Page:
Physician-Scientist Leads Program to Tackle COVID-19 Health Disparities in Arizona
Dr. Sairam Parthasarathy is one of 11 principal investigators for the National Institutes of Health Community Engagement Alliance Against COVID-19 Disparities.
According to the Centers for Disease Control and Prevention, American Indian, African American, Hispanic and Latino people are disproportionately affected by COVID-19, experiencing higher rates of illness, hospitalization and death. These racial and ethnic health disparities are greatest across 11 states, including Arizona.
Dr. Sairam Parthasarathy, professor of medicine and chief of the Division of Pulmonary, Allergy, Critical Care and Sleep Medicine in the UArizona College of Medicine – Tucson, was recently named one of 11 lead investigators for the National Institutes of Health Community Engagement Alliance Against COVID-19 Disparities. The Community Engagement Alliance program, known as the CEAL program, aims to build trust, increase awareness and education, and promote clinical trial inclusion among these vulnerable populations to ultimately reduce their disease burden.
Parthasarathy, a member of the UArizona BIO5 Institute, talks below about his plans for Arizona's CEAL program and why it's essential to promote health equity during the pandemic and for years to come.
Q: Much of your work as a clinician revolves around pulmonary critical care and sleep medicine. Why did you take interest in leading the Arizona CEAL program to combat COVID-19 disparities?
A: As a clinician and researcher, I am personally witnessing greater affliction from COVID-19 in health-disparate populations in Southern Arizona. I consider it an "error of omission" to not jump into action and address the COVID-19-related health disparities. Moreover, my prior and ongoing work involved peer intervention and information technology to help support treatment adherence with individuals in lower income households.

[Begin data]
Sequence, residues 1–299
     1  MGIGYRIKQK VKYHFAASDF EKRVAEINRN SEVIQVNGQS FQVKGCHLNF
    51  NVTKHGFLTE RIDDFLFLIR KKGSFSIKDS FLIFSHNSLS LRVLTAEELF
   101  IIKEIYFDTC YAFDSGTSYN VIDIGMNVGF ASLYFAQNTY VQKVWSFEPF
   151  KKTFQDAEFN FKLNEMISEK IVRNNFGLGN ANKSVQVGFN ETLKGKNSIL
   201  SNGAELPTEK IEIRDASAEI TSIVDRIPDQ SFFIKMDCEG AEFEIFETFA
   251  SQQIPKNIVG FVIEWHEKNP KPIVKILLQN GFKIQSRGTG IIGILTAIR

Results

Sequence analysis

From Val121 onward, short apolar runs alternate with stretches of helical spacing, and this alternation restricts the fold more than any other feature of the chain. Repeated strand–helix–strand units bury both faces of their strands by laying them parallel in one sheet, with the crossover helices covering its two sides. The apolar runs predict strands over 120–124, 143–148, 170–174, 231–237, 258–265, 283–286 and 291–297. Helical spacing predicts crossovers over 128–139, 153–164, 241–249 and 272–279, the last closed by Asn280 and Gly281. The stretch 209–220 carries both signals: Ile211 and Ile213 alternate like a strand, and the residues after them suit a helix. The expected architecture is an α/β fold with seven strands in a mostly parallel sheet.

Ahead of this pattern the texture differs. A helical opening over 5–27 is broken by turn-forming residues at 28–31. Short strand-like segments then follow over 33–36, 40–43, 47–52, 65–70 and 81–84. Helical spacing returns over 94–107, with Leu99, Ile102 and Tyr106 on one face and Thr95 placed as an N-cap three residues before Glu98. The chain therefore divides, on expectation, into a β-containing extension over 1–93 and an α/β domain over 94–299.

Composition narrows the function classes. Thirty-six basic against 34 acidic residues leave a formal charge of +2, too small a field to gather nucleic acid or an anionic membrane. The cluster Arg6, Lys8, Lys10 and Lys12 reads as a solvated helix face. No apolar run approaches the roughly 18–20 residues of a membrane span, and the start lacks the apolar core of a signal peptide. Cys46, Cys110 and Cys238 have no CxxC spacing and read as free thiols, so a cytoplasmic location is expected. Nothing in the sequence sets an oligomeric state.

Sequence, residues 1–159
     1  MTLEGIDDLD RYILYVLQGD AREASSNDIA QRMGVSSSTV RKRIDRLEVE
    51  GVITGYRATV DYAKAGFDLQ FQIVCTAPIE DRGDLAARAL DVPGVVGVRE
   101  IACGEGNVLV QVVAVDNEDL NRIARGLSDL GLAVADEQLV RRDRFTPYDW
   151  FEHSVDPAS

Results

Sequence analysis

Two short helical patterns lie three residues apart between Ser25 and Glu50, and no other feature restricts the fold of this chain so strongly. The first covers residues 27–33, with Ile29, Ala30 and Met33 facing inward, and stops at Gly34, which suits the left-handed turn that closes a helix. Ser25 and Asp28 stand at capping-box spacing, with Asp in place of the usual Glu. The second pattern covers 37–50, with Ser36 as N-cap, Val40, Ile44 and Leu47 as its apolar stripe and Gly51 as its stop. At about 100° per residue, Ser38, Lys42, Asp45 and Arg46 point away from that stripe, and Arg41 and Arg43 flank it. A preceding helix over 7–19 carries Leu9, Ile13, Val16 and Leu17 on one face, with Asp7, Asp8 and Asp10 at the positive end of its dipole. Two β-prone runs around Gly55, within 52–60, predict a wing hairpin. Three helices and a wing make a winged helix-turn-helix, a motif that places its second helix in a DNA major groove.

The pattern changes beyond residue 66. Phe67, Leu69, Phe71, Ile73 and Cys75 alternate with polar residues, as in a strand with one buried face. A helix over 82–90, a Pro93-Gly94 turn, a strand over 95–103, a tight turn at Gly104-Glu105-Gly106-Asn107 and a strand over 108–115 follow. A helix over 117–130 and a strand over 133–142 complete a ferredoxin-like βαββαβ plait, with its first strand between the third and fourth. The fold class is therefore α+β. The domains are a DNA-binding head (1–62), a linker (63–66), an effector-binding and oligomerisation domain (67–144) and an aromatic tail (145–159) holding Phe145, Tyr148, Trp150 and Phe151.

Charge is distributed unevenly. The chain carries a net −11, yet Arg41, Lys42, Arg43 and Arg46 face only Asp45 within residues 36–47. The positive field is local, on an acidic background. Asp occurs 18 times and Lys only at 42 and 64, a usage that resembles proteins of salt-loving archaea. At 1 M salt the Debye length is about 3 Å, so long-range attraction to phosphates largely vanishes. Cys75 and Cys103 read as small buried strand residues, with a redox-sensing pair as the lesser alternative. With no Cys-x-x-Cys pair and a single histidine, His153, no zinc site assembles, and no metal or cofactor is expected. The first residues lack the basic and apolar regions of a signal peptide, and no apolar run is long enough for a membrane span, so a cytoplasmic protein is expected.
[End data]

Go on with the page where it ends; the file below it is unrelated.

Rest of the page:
We are hoping to leverage a statewide team that involves ASU (Arizona State University), NAU (Northern Arizona University), Mayo Clinic (in) Scottsdale and over 20 community-based organizations to reach out to various communities that are at risk for developing COVID and help reduce their chances of contracting this terrible infection. Our study is also meant to improve their participation in clinical trials.
Q: Why are there such large racial disparities in COVID-19? Is there a group that's most affected in Arizona?
A: There are numerous factors responsible for the observed health disparities. These disparities are due to a multitude of social determinants of disease, including lack of access to care and to culturally appropriate information, and historical trauma-based mistrust in minority populations. Ending the COVID-19 pandemic will require rapid development and implementation of effective strategies to enhance awareness and uptake of preventive measures and improve inclusion of communities disproportionately affected by COVID-19 in research, including intervention studies and clinical trials of vaccines and therapeutics.
Arizona is one of the hardest hit states with one of the highest COVID-19 positivity test rates for adults – 19% – as well as pediatric cases in the U.S., and the case rates and deaths are disproportionately higher among Arizona's Latino, American Indian and African American communities. The pandemic has exposed that Latinos, American Indians, African Americans and individuals in lower income households are more likely to develop COVID, be hospitalized or even die due to COVID-19.